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Devotional: Ramadan: Improving spiritual fitness

Published 2:00 pm Friday, March 24, 2023

Qadir Abdus-Sabur

A common characteristic among people of Abrahamic faiths is the practice of fasting. For Muslims fasting is observed during the month of Ramadan, the ninth month of the Lunar Calendar. This year the Fast began this week. Our Omnipotent Creator reminds us that, “Fasting was prescribed for you as it was prescribed for those before you, so that you may learn self-restraint and God-Consciousness” (Qur’an 2:183).

In the Old Testament, we find these words. “Therefore, also now saith the Lord, turn ye (you) even to me with all your heart, and with fasting, and with weeping, and with mourning;” (Joel 2:12). People that are guided by Jewish traditions celebrate Yom Kippur; and Christians observe fasting on Ash Wednesday, Good Friday, and the days of Lent. The lessons learned by self-restraint are important aspects of human growth and development. That is why we find reference to fasting among individuals of almost all faiths.

The duration of fasting varies from one day to as many as forty among these faith groups. Although the particular procedures of each are different, the desired outcome is collectively consistent — i.e., learning to control one’s physical appetites while focusing on spiritual development. Fasting teaches self-control and strengthens our God-Consciousness.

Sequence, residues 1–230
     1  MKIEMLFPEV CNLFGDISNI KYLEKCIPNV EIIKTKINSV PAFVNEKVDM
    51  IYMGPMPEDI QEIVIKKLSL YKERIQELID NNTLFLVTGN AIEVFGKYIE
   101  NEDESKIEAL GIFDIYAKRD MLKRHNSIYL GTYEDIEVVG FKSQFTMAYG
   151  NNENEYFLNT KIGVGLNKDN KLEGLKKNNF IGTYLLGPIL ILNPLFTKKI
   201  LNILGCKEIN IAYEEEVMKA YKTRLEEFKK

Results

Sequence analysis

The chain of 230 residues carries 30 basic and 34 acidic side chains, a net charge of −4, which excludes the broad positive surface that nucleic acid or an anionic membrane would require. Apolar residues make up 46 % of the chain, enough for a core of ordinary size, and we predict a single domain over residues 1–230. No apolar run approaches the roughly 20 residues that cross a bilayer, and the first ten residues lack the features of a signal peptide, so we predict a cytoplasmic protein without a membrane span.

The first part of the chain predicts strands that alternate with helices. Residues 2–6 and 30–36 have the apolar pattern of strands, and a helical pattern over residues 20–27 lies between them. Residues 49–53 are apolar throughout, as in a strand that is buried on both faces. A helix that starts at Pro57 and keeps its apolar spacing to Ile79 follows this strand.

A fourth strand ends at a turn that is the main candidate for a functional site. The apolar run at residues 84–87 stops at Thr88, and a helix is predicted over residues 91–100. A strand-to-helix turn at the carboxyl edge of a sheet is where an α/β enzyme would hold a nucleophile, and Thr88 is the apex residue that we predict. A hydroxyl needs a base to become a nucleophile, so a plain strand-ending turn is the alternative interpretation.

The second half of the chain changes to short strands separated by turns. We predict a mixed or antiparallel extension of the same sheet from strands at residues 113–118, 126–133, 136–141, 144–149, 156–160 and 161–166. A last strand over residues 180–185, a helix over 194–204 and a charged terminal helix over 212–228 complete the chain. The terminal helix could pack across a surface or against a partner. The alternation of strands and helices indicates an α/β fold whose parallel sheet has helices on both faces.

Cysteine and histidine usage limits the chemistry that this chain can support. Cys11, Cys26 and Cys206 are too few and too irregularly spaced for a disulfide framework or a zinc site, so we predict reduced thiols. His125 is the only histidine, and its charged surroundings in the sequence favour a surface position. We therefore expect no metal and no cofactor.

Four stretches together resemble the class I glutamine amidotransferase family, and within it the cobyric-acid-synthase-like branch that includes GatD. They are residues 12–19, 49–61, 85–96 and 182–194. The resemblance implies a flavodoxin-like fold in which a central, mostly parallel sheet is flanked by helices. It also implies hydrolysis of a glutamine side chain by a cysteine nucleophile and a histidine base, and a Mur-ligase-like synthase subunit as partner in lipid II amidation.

The Ramadan fast lasts for 29 or 30 days, divided into three periods of spiritual reflection. The first 10 days remind us of The Almighty’s gifts to us for our physical and spiritual development. Denying oneself food and drink brings Our Creator’s abundant provisions to the forefront of our minds.

Forgiveness of our sins is characteristic of the middle 10 days. Strict observance of prayer and daily reading of His words in the Qur’an reinforces our desire for nearness to Him. For these sacrifices, He rewards us by forgiving our sins.

The final 10 days are distinguished by freedom from Hellfire: i.e., those practices that cater to our self-serving appetites that undermine our spiritual development. Denial of food and drink from dawn to sunset has taught our physical bodies that their needs are less consequential than those of our spiritual development.

The meaning of the word “Ramadan” speaks to the burning hunger and thirst experienced by believers. Denying one’s body food and drink develops the power of self-control. Eid Al-Fitra, the prayer, and celebration at the end of the month is a celebration of man’s mastery over physical appetites in favor of spiritual growth.

QADIR ABDUS-SABUR, PH.D. is an Imam at the Islamic Center of Prince Edward. His email address is qas1944@gmail.com.

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